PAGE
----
Editorial: With Obamacare repeal off the table, will Republicans start trying to actually improve healthcare?

Cory Gardner, John Barrasso, Mitch McConnell, John Cornyn, Roy Blunt
Sen. Cory Gardner, R-Colo., Sen. John Barrasso, R-Wyo., Senate Majority Leader Mitch McConnell of Ky., Sen. Roy Blunt, R-Mo., and Senate Majority Whip Sen. John Cornyn of Tx., speak on Capitol Hill in Washington on July 18.
(Carolyn Kaster / Associated Press)

Millions of Americans whose healthcare coverage was imperiled can breathe a sigh of relief now that congressional Republicans’ reckless efforts to dismantle the Affordable Care Act have foundered. They can thank a handful of courageous moderates in the Senate Republican Caucus for being unwilling to repeal the ACA without having a replacement ready that wouldn’t make matters worse for their constituents.

Merely stopping bad legislation, however, won’t solve the problems that helped to drive the “repeal and replace” effort this year. Major insurers have withdrawn from the individual market in several states, leaving some counties with no one to serve residents who don’t have coverage through their jobs, Medicare or Medicaid. And other counties are seeing staggering premium increases. At least some of these problems resulted directly from the crippling uncertainties created by Republican policymakers.

With characteristic graciousness, President Trump has now called on Congress to “let Obamacare fail,” something made only more likely by his ongoing efforts to sabotage it. Meanwhile, Senate Republican leaders say they’ll vote next week on the repeal bill, evidently for no better reason than to prove they can’t pass it. That’s a waste of time. The responsible thing to do would be to shore up the markets created by the ACA for individual policies. This needs to be done soon, given that insurers have to set their offerings and rates for 2018 within the next couple of months.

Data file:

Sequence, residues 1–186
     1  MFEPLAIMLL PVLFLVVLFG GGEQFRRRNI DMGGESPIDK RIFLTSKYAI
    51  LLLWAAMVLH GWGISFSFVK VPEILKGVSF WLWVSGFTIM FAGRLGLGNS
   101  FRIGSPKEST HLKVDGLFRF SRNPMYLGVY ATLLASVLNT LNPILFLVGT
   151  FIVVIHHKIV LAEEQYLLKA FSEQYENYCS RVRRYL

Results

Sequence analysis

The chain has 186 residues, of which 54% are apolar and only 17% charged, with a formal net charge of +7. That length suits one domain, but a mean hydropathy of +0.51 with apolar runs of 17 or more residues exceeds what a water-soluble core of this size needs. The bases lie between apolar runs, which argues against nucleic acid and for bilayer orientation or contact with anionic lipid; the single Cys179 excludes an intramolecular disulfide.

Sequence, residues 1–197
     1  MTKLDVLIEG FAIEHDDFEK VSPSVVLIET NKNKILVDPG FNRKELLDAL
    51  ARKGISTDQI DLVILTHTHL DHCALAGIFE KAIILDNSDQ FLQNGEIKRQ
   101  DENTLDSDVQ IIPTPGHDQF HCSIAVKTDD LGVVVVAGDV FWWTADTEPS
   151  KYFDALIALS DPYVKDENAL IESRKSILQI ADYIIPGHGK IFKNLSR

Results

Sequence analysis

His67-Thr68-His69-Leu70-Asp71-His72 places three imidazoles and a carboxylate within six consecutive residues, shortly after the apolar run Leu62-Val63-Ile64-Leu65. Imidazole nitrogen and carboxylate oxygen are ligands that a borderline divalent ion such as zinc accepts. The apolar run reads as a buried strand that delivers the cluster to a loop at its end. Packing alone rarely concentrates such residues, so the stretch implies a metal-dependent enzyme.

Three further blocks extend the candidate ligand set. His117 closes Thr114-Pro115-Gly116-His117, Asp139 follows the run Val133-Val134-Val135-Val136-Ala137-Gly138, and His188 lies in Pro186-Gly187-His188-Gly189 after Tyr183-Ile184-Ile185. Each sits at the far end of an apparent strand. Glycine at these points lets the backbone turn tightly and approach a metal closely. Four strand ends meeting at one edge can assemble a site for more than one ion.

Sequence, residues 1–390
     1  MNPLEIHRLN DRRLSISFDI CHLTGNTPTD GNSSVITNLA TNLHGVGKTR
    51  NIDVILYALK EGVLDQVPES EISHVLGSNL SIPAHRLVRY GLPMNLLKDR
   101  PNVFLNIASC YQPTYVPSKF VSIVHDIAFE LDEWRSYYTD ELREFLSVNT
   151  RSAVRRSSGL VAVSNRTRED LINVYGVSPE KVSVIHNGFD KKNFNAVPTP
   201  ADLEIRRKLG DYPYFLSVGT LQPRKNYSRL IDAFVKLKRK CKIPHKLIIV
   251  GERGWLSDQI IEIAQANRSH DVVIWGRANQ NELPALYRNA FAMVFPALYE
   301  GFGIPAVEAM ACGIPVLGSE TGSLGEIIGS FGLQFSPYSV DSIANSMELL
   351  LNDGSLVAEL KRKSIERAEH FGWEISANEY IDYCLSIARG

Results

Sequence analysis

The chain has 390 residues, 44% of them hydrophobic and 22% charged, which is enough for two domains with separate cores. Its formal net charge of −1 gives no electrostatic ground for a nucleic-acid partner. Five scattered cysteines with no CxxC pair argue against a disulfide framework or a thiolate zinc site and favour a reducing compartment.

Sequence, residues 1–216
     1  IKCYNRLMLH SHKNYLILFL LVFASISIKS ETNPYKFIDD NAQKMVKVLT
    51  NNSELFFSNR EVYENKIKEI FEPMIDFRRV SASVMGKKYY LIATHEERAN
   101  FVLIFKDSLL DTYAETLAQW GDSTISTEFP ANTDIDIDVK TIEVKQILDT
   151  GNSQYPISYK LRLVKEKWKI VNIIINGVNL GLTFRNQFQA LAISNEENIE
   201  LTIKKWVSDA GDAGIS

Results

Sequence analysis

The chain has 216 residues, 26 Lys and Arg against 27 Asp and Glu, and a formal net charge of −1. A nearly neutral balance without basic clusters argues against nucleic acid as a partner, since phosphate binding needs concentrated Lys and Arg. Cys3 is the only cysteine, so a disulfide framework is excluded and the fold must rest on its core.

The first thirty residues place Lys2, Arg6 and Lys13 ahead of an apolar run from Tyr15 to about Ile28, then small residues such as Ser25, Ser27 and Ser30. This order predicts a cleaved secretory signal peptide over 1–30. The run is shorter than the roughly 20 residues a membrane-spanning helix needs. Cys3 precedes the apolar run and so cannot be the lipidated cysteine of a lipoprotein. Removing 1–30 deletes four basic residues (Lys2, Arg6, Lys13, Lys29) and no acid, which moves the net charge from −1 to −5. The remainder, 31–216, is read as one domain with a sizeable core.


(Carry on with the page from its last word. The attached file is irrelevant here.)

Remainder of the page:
The problems start with the uncertainty over who will sign up for coverage and how much it will cost — a situation that applies to states with robust individual markets, such as California, as well as to those with ailing ones, such as Iowa and Tennessee.


The Trump administration can’t continue to disregard the ACA’s mandate that adult Americans obtain insurance, at least not without an alternative way to persuade healthy people to sign up. Otherwise, insurers will have too few healthy people and too many costly ones in their risk pools. Congress and the administration also need to commit publicly to paying for the subsidies that the law requires insurers to provide to low-income consumers for out-of-pocket costs. The threats to the mandate and the subsidies have led some insurers to drop out of the market and others to seek larger rate hikes, further discouraging healthy consumers from buying insurance.

Those steps may not be enough to help some less populous states, where too much cost is being spread across too few people. Reviving the ACA’s reinsurance program for health insurers there would help hold down premiums.

There’s broad consensus within the industry about the need to make these moves. The problem is that Republicans have campaigned against some or even all of them. Now, however, they’ll have to put politics aside in order to spare the individual markets in their states the chaos they’ve set in motion.


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